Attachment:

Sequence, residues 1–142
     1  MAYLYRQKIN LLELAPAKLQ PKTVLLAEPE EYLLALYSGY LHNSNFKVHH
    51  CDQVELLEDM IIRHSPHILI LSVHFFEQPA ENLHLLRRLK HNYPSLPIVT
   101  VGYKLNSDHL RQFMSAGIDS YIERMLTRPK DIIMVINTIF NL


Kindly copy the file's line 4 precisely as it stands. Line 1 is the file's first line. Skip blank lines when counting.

   101  VGYKLNSDHL RQFMSAGIDS YIERMLTRPK DIIMVINTIF NL